HARPARSKOG-LINE IN GENERAL
- In the change of 1980's and 1990's we did almost a similar mapping, which is shown in this site. The mapping back then, was done with the Military Museum. The bunkers were photographed. The results of that mapping however has not been published and it is most unfortunate, that the shape of the bunkers has deteriorated since then.
- The Russian positions were mapped very carefully in the 1980's. It was based to the mappings done during the war time. This file has been used for example in planning the usage of land in the Hanko Cape area.
- The caves in Harparskog were used as a ammunition storages all the way to the 1990's. The defensive line was also rearmed again in the 1960's, at the same time as the Fort of Bolax and Fort of Krokö in the Hanko Front area, were armed again with the 152/45 guns. The reason for this rearming was because Cold War tension was rising. At the same time the positions in Salpa-line, were also rearmed. I received this information from my father, who used to work at that time, in the armament department of the General Staff.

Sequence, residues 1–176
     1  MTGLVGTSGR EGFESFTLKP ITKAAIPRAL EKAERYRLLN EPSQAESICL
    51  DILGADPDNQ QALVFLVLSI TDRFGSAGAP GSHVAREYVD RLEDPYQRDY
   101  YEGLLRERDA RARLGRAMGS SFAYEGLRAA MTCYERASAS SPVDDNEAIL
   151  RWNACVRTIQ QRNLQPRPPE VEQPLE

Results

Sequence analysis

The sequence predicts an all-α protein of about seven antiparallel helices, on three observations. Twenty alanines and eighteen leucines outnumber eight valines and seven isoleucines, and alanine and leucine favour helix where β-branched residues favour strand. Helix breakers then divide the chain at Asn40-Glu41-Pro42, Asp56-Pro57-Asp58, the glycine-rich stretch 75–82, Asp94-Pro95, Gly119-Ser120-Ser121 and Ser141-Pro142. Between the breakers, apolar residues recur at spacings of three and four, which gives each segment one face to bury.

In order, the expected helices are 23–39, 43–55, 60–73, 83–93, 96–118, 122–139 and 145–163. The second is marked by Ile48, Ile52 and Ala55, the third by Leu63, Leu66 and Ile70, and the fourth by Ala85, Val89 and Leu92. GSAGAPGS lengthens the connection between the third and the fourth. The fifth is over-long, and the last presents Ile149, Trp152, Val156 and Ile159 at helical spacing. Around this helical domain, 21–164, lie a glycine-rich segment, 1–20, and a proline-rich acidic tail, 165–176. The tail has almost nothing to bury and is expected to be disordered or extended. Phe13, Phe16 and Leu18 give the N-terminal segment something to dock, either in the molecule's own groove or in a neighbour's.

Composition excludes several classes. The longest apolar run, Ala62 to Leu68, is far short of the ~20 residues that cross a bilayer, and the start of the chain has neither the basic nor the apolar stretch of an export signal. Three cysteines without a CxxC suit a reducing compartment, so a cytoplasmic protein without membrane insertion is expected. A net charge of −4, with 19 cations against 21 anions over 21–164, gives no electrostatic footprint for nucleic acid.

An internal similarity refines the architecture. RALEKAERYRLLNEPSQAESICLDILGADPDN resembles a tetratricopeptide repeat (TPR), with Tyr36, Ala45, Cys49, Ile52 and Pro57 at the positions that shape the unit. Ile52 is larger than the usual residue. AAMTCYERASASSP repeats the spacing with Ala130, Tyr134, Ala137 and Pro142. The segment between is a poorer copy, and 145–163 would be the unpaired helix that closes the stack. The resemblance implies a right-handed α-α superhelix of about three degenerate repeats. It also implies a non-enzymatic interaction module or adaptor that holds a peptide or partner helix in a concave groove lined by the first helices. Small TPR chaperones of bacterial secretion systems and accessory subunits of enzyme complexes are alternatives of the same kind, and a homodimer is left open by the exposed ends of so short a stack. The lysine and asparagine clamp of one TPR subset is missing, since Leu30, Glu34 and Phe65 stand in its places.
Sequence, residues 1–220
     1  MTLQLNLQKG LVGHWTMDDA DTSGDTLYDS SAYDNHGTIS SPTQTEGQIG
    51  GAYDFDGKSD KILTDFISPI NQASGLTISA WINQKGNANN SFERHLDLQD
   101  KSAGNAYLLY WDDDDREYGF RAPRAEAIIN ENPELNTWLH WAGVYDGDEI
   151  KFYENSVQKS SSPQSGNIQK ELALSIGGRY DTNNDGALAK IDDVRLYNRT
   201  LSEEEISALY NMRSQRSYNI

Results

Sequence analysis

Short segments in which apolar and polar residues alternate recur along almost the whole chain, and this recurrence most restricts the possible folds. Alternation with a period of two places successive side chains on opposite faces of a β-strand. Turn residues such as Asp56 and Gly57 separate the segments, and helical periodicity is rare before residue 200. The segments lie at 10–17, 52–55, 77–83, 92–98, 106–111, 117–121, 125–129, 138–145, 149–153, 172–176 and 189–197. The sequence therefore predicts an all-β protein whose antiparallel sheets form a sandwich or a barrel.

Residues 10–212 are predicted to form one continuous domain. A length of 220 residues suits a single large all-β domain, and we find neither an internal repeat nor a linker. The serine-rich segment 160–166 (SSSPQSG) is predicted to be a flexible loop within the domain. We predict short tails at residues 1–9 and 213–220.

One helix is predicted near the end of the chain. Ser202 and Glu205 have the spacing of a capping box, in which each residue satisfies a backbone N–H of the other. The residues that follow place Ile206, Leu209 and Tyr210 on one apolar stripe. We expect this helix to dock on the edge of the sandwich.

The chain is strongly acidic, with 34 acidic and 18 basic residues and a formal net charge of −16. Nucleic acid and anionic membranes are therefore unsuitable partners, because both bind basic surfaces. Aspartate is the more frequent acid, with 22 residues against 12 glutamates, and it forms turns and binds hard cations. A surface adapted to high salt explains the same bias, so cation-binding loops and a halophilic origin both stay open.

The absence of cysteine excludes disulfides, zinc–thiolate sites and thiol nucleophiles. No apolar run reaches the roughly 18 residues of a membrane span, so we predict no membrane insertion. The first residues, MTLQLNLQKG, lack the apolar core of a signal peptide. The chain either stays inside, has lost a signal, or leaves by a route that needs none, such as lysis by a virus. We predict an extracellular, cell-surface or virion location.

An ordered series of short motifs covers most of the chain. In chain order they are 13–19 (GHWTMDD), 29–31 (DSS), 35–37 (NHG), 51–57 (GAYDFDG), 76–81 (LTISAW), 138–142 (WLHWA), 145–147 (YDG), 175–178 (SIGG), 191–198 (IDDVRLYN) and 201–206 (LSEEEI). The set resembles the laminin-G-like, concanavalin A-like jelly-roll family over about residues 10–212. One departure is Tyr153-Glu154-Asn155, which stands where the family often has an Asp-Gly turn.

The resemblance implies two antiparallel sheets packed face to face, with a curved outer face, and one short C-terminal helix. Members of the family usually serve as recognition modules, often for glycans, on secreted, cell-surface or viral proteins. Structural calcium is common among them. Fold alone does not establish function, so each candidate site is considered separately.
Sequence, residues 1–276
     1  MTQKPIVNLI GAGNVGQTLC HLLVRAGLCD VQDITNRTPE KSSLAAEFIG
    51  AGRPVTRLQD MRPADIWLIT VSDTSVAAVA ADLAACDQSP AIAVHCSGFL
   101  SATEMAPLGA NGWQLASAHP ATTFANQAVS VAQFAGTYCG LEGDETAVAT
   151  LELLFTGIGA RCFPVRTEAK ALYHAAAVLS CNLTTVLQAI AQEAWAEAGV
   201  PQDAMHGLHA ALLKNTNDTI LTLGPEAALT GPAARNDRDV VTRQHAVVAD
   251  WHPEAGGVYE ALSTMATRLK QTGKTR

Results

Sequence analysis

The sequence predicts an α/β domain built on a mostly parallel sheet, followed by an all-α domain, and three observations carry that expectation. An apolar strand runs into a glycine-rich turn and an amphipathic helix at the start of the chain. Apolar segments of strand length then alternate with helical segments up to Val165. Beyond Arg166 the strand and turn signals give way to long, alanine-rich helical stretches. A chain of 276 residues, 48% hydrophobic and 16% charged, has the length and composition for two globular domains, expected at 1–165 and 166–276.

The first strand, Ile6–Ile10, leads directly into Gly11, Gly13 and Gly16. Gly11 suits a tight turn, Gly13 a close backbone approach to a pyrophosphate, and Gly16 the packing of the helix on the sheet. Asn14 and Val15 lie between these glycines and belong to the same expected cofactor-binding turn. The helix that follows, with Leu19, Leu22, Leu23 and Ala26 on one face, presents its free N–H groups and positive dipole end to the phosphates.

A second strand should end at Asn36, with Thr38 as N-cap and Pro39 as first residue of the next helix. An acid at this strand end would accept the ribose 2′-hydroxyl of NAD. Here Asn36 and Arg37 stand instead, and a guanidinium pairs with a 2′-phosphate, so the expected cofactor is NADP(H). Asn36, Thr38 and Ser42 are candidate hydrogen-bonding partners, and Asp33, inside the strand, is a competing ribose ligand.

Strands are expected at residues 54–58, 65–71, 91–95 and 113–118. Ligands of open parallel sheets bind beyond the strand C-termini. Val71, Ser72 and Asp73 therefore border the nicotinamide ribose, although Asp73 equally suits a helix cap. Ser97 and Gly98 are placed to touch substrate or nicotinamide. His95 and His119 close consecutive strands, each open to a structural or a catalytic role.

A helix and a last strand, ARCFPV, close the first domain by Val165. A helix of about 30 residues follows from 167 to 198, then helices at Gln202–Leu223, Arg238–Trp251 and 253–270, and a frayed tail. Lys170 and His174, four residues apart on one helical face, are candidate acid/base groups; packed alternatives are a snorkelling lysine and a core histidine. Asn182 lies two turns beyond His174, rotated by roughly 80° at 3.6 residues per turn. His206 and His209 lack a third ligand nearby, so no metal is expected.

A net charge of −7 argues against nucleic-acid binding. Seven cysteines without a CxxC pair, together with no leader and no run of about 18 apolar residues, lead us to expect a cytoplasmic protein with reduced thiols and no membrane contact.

- The Harparskog area was also used many times in the military refresher course at least in the 1980's. I participated to one such a course and at that time there was at least one defensive company living in the caves and in the bunkers. All of the bunkers were also locked and the defensive line was guarded. The guns weren't removed from the bunkers until at the end of the 1980's, about the same time, as we mapped the line with the Military Museum.
- The bunker below the Harparskog school was and still is a museum and it is possible to visit it and see the bunker in its original shape. During the Scout Camp of 1996, part of the Scouts stayed overnight in the bunker.
Copyright © 2006, 2007 Kimmo Nummela